Pentagon Says Protests Will Not Alter Afghan Strategy

Posted February 27th, 2012 at 1:00 pm (UTC-5)
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U.S. defense officials are stressing that joint operations with Afghan security forces continue, despite days of protests and attacks on foreign troops that have left close to 40 people, including four Americans, dead.

Pentagon spokesman George Little said Monday that Defense Secretary Leon Panetta believes the “foundations of our strategy” in Afghanistan remain sound.

He also said the incidents will not weaken the close relationship the United States and its NATO allies have with Afghanistan's government and its security forces.

The protests and attacks were in response to news that U.S. troops inadvertently burned copies of the Muslim holy book, the Quran, at the Bagram air base in Afghanistan. Media reports have said Qurans were being disposed of because of fears that prisoners at the base were using them to pass extremist messages.

Defense spokesman Navy Captain John Kirby said that while U.S. troops working with Afghan forces are being more vigilant, that vigilance is not hampering operations. Two of the Americans killed were shot while working at the Interior Ministry in Kabul. Their attacker has not been arrested.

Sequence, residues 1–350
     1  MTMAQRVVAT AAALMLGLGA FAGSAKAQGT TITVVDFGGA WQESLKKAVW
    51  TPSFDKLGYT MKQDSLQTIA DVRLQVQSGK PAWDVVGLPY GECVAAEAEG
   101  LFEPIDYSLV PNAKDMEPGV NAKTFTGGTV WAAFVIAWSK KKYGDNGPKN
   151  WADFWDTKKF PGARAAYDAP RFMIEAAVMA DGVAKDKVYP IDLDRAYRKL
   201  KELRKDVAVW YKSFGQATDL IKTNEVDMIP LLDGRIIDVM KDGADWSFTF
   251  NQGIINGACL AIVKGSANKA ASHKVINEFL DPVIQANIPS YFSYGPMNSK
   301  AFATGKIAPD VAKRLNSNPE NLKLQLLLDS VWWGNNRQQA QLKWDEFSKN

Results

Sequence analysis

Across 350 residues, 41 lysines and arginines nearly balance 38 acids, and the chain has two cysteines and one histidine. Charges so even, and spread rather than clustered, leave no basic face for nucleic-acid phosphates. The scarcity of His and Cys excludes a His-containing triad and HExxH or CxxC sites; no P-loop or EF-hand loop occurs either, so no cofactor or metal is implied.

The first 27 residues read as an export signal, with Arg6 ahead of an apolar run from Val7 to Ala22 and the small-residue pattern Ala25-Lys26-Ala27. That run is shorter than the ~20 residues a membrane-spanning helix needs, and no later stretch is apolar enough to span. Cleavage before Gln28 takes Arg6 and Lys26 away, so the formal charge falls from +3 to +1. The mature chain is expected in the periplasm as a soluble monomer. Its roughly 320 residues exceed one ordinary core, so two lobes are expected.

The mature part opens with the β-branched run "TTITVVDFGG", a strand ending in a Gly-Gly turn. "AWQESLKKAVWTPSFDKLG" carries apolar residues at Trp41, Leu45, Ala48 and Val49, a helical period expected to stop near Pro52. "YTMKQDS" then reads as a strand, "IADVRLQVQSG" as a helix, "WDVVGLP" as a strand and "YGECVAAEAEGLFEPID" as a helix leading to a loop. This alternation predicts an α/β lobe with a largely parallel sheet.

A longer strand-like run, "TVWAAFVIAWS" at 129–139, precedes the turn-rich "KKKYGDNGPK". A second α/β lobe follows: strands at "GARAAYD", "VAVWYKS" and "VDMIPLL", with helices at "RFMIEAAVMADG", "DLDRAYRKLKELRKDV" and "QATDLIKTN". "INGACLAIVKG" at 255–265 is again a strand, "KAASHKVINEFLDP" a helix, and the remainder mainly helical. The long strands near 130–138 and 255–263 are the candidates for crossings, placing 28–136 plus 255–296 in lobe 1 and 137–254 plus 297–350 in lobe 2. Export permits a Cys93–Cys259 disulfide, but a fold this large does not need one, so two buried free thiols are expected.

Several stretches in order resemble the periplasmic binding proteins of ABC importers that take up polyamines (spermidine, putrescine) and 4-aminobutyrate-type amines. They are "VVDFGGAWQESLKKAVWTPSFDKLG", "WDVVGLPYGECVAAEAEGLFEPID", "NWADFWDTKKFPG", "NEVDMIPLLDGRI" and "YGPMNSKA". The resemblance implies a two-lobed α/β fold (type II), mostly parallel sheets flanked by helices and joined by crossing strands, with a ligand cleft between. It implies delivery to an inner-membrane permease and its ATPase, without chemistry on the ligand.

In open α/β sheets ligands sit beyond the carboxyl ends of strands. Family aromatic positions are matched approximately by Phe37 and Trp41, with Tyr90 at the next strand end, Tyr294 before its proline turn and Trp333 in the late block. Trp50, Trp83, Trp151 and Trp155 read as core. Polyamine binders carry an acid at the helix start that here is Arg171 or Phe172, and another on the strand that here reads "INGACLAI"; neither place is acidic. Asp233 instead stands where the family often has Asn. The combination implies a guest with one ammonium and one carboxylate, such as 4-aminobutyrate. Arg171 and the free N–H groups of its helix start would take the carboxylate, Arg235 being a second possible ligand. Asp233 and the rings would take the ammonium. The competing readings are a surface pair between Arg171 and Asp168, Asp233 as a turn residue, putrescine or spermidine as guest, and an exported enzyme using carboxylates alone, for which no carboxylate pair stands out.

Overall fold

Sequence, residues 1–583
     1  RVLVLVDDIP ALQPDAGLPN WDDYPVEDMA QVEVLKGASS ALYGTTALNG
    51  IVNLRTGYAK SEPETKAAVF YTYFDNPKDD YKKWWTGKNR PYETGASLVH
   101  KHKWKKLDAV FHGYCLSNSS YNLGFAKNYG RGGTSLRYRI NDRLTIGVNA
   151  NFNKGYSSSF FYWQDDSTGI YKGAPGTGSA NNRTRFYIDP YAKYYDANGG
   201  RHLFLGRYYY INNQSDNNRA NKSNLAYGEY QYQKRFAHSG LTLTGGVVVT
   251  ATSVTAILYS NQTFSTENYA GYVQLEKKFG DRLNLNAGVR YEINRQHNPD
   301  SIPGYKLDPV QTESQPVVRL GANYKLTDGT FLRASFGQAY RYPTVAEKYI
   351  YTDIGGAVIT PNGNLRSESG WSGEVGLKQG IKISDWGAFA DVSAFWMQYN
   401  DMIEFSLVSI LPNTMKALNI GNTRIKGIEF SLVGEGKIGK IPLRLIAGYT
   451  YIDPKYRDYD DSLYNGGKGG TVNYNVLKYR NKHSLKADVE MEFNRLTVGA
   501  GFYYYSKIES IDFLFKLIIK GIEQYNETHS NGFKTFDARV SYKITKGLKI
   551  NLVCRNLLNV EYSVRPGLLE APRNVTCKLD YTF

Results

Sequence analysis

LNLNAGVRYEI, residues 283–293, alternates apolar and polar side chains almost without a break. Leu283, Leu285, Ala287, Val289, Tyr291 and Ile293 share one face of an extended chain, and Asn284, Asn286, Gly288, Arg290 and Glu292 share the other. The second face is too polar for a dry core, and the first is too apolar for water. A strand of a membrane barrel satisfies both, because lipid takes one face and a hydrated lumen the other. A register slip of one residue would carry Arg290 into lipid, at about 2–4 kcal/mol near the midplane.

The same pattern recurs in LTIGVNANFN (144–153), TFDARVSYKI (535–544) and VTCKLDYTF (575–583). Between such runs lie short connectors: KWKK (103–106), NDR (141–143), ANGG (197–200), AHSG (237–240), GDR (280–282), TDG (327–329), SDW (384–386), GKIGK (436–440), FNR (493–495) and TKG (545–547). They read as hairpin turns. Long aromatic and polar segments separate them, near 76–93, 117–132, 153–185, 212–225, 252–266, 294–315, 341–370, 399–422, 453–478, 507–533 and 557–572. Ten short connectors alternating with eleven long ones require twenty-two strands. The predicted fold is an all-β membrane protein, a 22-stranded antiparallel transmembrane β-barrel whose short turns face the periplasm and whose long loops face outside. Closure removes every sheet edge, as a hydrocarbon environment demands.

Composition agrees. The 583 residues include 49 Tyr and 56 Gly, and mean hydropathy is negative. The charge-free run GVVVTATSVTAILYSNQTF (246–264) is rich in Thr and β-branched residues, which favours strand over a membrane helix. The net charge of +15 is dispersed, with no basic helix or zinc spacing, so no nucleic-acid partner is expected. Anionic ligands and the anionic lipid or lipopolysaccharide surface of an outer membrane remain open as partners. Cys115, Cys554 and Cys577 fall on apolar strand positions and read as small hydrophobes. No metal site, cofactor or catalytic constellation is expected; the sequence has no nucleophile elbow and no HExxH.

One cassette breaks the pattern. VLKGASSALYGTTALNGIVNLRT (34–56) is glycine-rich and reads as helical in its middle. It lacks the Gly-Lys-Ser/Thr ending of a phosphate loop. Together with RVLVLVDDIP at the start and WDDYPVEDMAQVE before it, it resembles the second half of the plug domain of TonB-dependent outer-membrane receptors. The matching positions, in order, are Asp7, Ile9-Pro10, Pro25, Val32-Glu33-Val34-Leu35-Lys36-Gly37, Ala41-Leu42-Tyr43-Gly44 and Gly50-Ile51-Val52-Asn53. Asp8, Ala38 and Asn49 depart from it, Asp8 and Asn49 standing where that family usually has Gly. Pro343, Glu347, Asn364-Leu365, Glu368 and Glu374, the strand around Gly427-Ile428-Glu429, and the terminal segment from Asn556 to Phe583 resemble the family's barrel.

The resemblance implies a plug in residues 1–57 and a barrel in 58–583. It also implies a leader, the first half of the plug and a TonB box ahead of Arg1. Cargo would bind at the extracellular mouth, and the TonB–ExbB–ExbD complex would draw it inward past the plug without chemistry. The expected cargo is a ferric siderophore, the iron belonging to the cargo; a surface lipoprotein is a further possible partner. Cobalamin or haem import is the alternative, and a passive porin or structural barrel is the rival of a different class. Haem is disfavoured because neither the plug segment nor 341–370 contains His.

Kirby said the protests have dropped off sharply – from more than 20 a day last week, to just three on Monday. He spoke via video link from Kabul.

Kirby also said that a major operation, involving hundreds of Afghan and foreign troops, has just wrapped up in southern Afghanistan. He called it a successful mission to block Taliban rebels from mounting new attacks in the coming weeks as warm weather arrives.

The United States and its allies are beginning to shift away from a combat role against Taliban militants to an advisory one, with the goal of having foreign troops end combat operations by 2014.

President Barack Obama, Defense Secretary Leon Panetta and many other U.S. officials have apologized for the mishandling of the Quran and have vowed to make sure there will be no similar incidents.

Under Islamic tradition, old Qurans should be disposed of by wrapping them in cloth and burying them in a safe area, or by releasing the pages in flowing water. Burning is permitted, but only if it is done a prescribed, ceremonial manner.